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#1




Simple question about SR paradox
On May 31, Daryl McCullough wrote:
Da Do Ron Ron says... Nobody can make the claim that acceleration causes clocks to tick slower Wrong! There are plenty of Einstein Dingleberries whose choice of resolution to the twins’ paradox is the breaking of the symmetry. shrug (since none of the clocks in the triplet paradox accelerate). Wrong, again! shrug But one can (and does) make the claim that an accelerated *path* connecting two events will have a different elapsed time than an inertial path connecting the same two events. Show Him the math then. shrug In Euclidean geometry, a straight line is the *shortest* path connecting two spatial points. In SR, an inertial path is the *longest* path (measured in terms of elapsed time) connecting two spacetime points. Where did you get this garbage from? shrug These is no such mysticism about the shortest local path, and it is not the same as the path with the least amount of accumulated time. shrug 1. Spacetime paths are mere math, having no physical existence, and the same goes for spacetime itself. Would you say that Space is mere math, having no physical existence, and that therefore we need a physical explanation for why a straight line connecting two points is shorter than a curved line connecting the same two points? This is irrelevant. shaking His head 2. There is no need to bring in any outside observers and their observations of “spacetime paths”; I didn't say anything about "observers". A spacetime path is independent of any observer. That is correct. However, in the GR math is interpreted otherwise by the selfstyled physicists for more than 100 years. In this ****edup interpretation, the segment of spacetime is dependent on observers. An observer can now play god. shrug Oh, if not interpreted this way, GR has no hope, and it belongs in the garbage can. shrug all that matters is that people in different frames age differently. Ron is correct. shrug All frames are equivalent, as far as the laws of physics are concerned, so that's not a very good explanation. Stop being a hypocrite. In SR, you do have very special frame of references called inertial frames. shrug 3. And even if I give you the luxury of being meaningful here, you still have to explain why "different spacetime paths" can make people in different inertial frames age differently. (Grandpa versus teenager, born at same time) Do you understand how there can be two different highways connecting New York City and Chicago, and they could have different lengths? Of course. Is the author of having doubt? shrug The parameter that is meaningful for aging is not coordinate time, The coordinate time (or observed time) and the local time (elapsed time) are related by a factor of something. In the Lorentz transform, it is sqrt(1 – v^2 / c^2). shrug but elapsed time along a path, shaking His head which is pathdependent in the same way that the length of a highway is dependent on which highway you take. More ignorant and meaningless nonsense. shrug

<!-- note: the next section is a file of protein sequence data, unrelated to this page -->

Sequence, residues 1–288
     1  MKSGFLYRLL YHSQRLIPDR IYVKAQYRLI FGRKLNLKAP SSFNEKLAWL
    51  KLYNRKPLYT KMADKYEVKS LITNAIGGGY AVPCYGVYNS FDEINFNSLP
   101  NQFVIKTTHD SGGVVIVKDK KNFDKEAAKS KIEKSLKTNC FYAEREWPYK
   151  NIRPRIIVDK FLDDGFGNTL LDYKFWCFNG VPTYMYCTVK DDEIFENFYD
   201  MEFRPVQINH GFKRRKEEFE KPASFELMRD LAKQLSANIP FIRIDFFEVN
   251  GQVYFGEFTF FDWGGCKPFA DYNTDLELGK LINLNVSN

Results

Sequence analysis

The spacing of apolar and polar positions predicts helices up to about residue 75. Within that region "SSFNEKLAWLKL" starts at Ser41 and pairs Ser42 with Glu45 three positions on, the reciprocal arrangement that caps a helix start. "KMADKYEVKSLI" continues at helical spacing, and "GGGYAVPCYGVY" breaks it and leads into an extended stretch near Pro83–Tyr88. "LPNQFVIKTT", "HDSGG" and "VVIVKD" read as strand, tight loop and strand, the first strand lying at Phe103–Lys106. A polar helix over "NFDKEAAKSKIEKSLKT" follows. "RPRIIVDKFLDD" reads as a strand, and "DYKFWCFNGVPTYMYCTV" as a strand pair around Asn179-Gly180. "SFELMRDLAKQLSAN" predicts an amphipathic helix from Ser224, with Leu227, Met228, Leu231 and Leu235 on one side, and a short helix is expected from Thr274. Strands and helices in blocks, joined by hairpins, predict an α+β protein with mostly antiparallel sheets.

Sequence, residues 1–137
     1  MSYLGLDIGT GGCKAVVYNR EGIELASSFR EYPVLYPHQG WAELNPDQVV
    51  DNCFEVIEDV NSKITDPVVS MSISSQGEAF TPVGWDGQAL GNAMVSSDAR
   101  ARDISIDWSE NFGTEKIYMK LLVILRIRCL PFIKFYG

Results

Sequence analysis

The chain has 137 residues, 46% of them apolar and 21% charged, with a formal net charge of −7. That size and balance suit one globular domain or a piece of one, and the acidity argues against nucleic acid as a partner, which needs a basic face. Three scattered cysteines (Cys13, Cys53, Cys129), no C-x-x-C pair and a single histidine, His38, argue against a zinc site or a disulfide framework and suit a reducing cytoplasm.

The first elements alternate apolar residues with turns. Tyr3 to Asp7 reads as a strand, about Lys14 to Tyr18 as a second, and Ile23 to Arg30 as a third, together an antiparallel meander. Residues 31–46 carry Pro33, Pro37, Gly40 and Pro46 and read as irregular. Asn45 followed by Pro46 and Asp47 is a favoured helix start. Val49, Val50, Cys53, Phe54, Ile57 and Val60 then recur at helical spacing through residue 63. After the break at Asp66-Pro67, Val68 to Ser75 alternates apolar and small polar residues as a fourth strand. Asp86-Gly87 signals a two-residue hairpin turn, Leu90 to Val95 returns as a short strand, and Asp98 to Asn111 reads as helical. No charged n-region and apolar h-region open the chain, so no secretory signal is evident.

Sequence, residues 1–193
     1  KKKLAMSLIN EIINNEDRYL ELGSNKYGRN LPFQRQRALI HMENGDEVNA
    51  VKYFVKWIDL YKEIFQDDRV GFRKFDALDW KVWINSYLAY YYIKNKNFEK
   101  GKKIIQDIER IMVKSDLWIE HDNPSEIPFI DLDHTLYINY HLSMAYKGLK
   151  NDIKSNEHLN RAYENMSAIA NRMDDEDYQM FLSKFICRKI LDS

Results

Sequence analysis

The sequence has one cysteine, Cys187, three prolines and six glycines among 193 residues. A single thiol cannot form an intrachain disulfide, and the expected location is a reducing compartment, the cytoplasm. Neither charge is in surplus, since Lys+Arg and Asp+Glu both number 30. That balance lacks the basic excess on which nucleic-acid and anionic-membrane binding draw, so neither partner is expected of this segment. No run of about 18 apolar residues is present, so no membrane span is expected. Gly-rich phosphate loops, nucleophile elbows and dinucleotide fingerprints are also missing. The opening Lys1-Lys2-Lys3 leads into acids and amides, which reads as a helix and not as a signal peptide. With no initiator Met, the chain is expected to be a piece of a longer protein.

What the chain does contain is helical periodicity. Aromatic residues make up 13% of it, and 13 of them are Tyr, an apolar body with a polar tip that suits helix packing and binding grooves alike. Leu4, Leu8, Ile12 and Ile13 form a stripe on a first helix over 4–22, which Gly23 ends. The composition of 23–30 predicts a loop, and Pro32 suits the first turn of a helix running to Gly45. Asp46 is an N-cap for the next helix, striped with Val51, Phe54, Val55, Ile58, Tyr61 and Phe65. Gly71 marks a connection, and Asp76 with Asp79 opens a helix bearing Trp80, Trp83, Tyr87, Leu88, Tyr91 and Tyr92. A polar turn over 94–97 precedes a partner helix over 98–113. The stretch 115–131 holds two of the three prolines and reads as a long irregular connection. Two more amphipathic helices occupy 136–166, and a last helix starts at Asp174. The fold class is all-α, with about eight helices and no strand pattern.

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#2




Simple question about SR paradox
On 5/31/11 5:41 PM, Koobee Wublee wrote:
On May 31, Daryl McCullough wrote: Da Do Ron Ron says... Nobody can make the claim that acceleration causes clocks to tick slower Wrong! There are plenty of Einstein Dingleberries whose choice of resolution to the twins’ paradox is the breaking of the symmetry. shrug The Twin Paradox for Koobee, the confused http://www.phys.vt.edu/~takeuchi/rel...section15.html http://www.phys.vt.edu/~takeuchi/rel...notes/twin.gif 
#3




Simple question about SR paradox
In article , Sam Wormley says...
On 5/31/11 5:41 PM, Koobee Wublee wrote: On May 31, Daryl McCullough wrote: Da Do Ron Ron says... Nobody can make the claim that acceleration causes clocks to tick slower Wrong! There are plenty of Einstein Dingleberries whose choice of resolution to the twins’ paradox is the breaking of the symmetry. shrug The Twin Paradox for Koobee, the confused http://www.phys.vt.edu/~takeuchi/rel...section15.html http://www.phys.vt.edu/~takeuchi/rel...notes/twin.gif I don't know why this is so hard for people to understand. Euclidean geometry: The length of a curve described by y = f(x) from the point A to point B is given by: L = Integral of squareroot(1+(df/dx)^2) dx The *shortest* curve from A to B is the one where df/dx is constant. Spacetime geometry: The proper time for a path described by x = f(t) from spacetime point A to spacetime point B is given by (in units where c=1): T = Integral of squareroot(1(df/dt)^2) dt Because of the minus sign, the *longest* path from A to B is the one where df/dt is constant. In neither case, does the second derivative of f make an explicit contribution to the integral.  Daryl McCullough Ithaca, NY 
#4




Simple question about SR paradox
Koobee Wublee writes:
Show Him the math then. shrug .... This is irrelevant. shaking His head .... shaking His head Interesting. Not only is Koobee referring to himself in the third person, but he is capitalizing "his" and "him" when he does so. This is not done except in some religious works when the pronoun refers to God. Does Koobee have some sort of superiority complex? 
#5




Simple question about SR paradox
.... and with that,
let us close this chapter in justifiable or un justifiable hatred of Einstein. 
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